My relationship with food: Full of food (part two)

My apologies again. Part two is just as long as part one. Thank you to those who make it all the way to the bottom and to those who only manage a glance. This really is a therapeutic journey for me, and I feel privileged that I can write it down here, let it go from my grasp and move forward.

The last year of my university degrees stretched out in front of  me. Only a year left  and I would be free to get a job, travel, and discover what I really wanted from my life.

Only a year. A year filled with practicum placements at hospitals, community nutrition centres, and exercise physiology clinics.

I was a wreck. Our university lecturers had warned us that this was the most important year of our study; one false move, one failure, and we would have to complete the whole year again. I was already uncertain about my skills, and I have never taken feedback very well. I walked into my clinical hospital placement a shaking, nervous mess.

Every day I scurried around the halls from patient to patient clutching my folder stuffed full of information. Every week I sat at the desk with my supervisors and received feedback on my progress.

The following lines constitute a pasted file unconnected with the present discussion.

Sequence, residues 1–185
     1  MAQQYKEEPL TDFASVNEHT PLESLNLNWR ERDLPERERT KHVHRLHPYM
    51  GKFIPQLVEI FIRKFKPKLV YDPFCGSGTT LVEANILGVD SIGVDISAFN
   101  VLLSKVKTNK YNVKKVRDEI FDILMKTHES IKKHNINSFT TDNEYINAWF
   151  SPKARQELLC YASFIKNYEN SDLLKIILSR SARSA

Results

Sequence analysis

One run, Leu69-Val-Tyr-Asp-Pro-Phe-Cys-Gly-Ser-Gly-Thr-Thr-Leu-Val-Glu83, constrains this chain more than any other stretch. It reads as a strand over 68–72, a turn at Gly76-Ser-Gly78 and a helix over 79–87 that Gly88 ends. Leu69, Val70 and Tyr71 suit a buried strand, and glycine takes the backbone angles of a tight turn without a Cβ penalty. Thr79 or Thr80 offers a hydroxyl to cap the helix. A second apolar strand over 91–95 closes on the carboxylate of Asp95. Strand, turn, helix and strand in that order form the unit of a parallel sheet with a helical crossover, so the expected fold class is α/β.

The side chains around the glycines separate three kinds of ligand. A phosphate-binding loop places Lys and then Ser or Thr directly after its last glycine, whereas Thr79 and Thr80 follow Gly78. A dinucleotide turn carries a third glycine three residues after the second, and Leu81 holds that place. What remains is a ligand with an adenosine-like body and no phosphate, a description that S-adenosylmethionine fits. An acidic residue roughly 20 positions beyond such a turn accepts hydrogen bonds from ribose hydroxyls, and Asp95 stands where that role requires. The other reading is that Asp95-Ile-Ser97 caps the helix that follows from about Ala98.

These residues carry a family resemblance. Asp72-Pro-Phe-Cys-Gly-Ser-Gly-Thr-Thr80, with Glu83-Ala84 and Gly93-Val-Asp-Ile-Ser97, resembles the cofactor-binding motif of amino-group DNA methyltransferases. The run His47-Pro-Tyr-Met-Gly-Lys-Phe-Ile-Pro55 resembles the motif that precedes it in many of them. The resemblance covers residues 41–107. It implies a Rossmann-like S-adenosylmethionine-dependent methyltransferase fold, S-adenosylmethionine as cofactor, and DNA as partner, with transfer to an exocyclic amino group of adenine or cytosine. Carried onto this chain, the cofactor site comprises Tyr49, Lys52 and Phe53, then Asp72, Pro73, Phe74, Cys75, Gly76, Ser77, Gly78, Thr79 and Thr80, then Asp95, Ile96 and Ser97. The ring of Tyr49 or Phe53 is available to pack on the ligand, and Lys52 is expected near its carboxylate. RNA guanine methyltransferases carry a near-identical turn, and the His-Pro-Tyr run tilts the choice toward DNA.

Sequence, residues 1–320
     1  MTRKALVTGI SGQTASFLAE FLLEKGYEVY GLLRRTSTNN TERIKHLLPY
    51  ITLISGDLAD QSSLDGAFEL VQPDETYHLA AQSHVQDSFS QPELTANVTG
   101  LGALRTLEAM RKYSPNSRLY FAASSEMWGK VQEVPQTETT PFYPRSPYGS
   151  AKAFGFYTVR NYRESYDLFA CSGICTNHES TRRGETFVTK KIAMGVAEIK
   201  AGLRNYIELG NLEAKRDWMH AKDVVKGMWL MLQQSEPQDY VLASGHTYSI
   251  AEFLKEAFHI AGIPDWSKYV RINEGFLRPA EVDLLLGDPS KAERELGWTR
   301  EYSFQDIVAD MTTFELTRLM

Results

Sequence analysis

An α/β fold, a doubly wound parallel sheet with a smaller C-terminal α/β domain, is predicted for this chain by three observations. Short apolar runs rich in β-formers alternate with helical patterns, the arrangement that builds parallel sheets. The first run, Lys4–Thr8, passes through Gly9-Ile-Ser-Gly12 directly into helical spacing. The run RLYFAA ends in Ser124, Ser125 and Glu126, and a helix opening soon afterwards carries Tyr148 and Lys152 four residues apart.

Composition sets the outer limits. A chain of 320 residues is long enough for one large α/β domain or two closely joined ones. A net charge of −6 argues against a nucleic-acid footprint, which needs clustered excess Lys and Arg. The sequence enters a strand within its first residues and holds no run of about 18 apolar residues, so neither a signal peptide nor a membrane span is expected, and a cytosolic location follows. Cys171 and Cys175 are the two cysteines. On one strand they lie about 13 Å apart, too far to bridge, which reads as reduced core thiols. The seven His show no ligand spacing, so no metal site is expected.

Every evening I studied, and stuffed myself with food – anything I could get my hands on – and every night I cried myself to sleep.

Hospital wards require special people to walk the floor and care for those in need of help. It takes a certain kind of spirit to touch a patient’s life and share their hardest moments without letting it tear a hole in your soul.

I admire those people because I am not one of them. I have chinks in my armour, places where other people can get through and the heartache becomes my own. I am not one of the special spirits who can walk the halls of a hospital.

My year in the oncology wards of the hospital revealed those chinks in my armour. It tore my soul wide open. I didn’t know how to deal with it, I couldn’t process the pain I saw everyday that I couldn’t do anything about.

I was young. Life had lessons to teach me and I was tender.

This hole inside me, the shadows of pain and sadness that cast themselves over my mind, the feeling of helplessness. I numbed it with food.

I would eat anything I could. Peanut butter became my best friend. Not a healthy amount spread on bread, but spoonful after spoonful coating anything I could find. Digestive biscuits dunked in cups of tea. Bowls of ice cream. Bars of dark chocolate. Nutella – by the jar. Leftovers from dinner eaten in the darkened kitchen after everyone had gone to bed.

I filled the hole with food, and yet it never got any shallower. The more I filled myself up, the further I moved away from myself, the emptier I became.